The prevalence of snoring clearly increases with age at least up to age 70 (1). Snoring is an inspiratory noise caused by vibration of the soft palate and posterior faucial pillars (2). Snoring corresponds to a partial obstruction of the upper airways. Complete obstruction of upper airways is followed by an apnea. Snoring is practically always present in the obstructive sleep apnea syndrome (OSAS). In a clinical case series, the occurrence of breathing abnormalities during sleep increases with age, at least up to age 60 (3). In non-clinical elderly populations, a number of studies have shown a relatively high age-associated prevalence of sleep apnea (4, 5). The results suggest that tens of millions people older than 65 years incur some form of disturbed respiration during sleep (6). Most studies examining sleep apnea in community-based elderly populations show that obstructive, rather than central, events predominate (7, 8), and OSAS continues to be modestly male predominant (6, 8).
Upper airway obstruction during sleep occurs when the activation of dilator muscles is unable to overcome the negative pharyngeal pressure (9). The genioglossus muscles (GG), which pull the tongue forward, function as muscles of inspiration opposing pharyngeal collapse due to negative pressure (10). It was proposed that hypoxia preferentially activates the genioglossus muscle relative to the diaphragm (10). Our previous studies demonstrated a reduced reflex increase in GG activity and impaired ventilatory response to hypoxic stimulation in OSAS patients (11, 12, 13).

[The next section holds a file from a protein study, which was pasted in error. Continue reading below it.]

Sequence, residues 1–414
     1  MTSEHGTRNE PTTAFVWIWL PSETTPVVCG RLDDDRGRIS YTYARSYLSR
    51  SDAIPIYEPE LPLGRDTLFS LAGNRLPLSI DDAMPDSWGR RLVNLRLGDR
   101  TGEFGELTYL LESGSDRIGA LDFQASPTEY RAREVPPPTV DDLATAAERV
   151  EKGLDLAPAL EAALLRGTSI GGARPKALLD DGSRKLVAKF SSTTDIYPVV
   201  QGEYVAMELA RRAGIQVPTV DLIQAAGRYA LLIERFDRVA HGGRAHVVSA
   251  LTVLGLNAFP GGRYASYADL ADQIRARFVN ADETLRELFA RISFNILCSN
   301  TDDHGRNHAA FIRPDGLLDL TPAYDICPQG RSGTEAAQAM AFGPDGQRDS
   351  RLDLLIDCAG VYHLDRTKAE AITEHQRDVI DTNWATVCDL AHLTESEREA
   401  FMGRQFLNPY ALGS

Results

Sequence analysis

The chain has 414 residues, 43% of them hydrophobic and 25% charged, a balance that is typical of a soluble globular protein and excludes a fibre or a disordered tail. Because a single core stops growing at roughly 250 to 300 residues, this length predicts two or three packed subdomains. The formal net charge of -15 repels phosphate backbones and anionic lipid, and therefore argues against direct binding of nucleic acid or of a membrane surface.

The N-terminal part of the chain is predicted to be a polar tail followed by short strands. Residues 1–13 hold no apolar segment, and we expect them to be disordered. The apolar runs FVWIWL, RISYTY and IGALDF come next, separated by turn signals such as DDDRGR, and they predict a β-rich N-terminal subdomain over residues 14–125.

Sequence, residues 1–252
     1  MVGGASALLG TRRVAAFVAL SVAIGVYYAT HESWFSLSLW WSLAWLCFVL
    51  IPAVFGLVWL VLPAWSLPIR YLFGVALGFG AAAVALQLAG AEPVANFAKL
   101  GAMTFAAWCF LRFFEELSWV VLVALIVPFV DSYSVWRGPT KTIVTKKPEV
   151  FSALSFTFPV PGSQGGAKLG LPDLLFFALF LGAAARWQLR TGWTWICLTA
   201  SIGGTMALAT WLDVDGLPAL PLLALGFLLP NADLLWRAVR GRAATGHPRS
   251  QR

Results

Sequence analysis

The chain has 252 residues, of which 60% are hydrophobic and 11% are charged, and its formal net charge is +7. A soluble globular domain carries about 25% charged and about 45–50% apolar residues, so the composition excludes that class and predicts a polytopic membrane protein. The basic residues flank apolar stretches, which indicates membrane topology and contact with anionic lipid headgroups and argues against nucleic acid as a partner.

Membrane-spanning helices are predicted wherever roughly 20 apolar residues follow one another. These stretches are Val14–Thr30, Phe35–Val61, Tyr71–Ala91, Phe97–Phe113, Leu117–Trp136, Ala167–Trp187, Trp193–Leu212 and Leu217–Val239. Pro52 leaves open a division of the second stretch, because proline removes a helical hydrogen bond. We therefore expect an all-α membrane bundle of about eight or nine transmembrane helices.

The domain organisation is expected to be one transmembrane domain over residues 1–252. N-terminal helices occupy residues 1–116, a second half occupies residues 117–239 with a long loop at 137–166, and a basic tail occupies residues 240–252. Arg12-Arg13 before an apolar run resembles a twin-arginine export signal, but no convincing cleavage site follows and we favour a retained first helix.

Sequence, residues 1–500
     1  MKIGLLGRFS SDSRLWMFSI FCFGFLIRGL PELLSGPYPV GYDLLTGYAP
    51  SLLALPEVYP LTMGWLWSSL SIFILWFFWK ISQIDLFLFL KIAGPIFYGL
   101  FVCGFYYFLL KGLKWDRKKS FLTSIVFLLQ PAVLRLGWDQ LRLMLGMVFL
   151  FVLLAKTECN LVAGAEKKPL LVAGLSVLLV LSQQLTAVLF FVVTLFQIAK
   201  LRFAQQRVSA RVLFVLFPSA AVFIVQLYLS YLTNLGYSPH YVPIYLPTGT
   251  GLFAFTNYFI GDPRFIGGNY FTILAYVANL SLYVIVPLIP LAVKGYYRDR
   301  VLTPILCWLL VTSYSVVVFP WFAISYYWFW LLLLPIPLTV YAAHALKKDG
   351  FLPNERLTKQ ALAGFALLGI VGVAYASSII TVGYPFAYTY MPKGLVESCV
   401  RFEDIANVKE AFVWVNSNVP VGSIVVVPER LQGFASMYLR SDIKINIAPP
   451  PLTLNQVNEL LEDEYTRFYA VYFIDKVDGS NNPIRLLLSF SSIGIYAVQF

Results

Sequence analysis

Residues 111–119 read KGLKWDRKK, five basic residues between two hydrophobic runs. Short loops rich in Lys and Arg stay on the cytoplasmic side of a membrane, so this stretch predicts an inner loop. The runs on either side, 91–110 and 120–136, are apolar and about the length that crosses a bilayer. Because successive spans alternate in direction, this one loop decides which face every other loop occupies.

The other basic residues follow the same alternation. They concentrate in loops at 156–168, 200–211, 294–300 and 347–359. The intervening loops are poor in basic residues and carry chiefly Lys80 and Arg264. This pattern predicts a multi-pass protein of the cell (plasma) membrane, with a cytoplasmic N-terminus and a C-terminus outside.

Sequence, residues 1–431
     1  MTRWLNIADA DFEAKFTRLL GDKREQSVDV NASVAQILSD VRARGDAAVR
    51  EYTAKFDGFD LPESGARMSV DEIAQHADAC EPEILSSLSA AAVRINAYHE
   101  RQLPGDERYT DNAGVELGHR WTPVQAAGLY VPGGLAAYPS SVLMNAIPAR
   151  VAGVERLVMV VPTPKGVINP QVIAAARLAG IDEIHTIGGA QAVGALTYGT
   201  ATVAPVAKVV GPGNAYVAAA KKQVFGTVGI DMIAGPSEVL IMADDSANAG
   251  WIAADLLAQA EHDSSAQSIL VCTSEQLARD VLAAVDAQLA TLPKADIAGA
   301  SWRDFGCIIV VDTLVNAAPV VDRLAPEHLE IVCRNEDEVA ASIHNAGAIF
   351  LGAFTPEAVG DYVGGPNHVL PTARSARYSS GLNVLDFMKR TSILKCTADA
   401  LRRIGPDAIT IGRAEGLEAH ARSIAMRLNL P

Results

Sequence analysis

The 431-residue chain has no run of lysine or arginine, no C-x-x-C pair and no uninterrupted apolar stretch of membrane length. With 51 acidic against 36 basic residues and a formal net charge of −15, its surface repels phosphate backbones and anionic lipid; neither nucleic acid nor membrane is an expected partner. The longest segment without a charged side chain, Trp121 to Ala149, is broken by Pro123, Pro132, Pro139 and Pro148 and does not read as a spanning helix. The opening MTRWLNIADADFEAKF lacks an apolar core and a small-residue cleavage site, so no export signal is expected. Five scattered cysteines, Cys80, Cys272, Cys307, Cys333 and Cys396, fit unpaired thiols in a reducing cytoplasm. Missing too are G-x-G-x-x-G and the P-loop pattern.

In the present study, we investigated the possible role of the process of biological aging in the development of OSAS, as a consequence of the age-dependent reduction of the GG muscle reactivity. Is the biological aging a risk factor for OSAS?
MATERIAL AND METHODS
A group of 10 subjects aged 20-40 (G-I, mean 29.1 ±1.8 years old) and another
of 10 subjects aged 41-60 (G-II, mean 53.2 ±2.3 years old) were investigated.
All volunteers of both groups studied were healthy, normotensive, non-smokers
and weight-matched (Fig. 1
GG-EMG activity and hypoxic response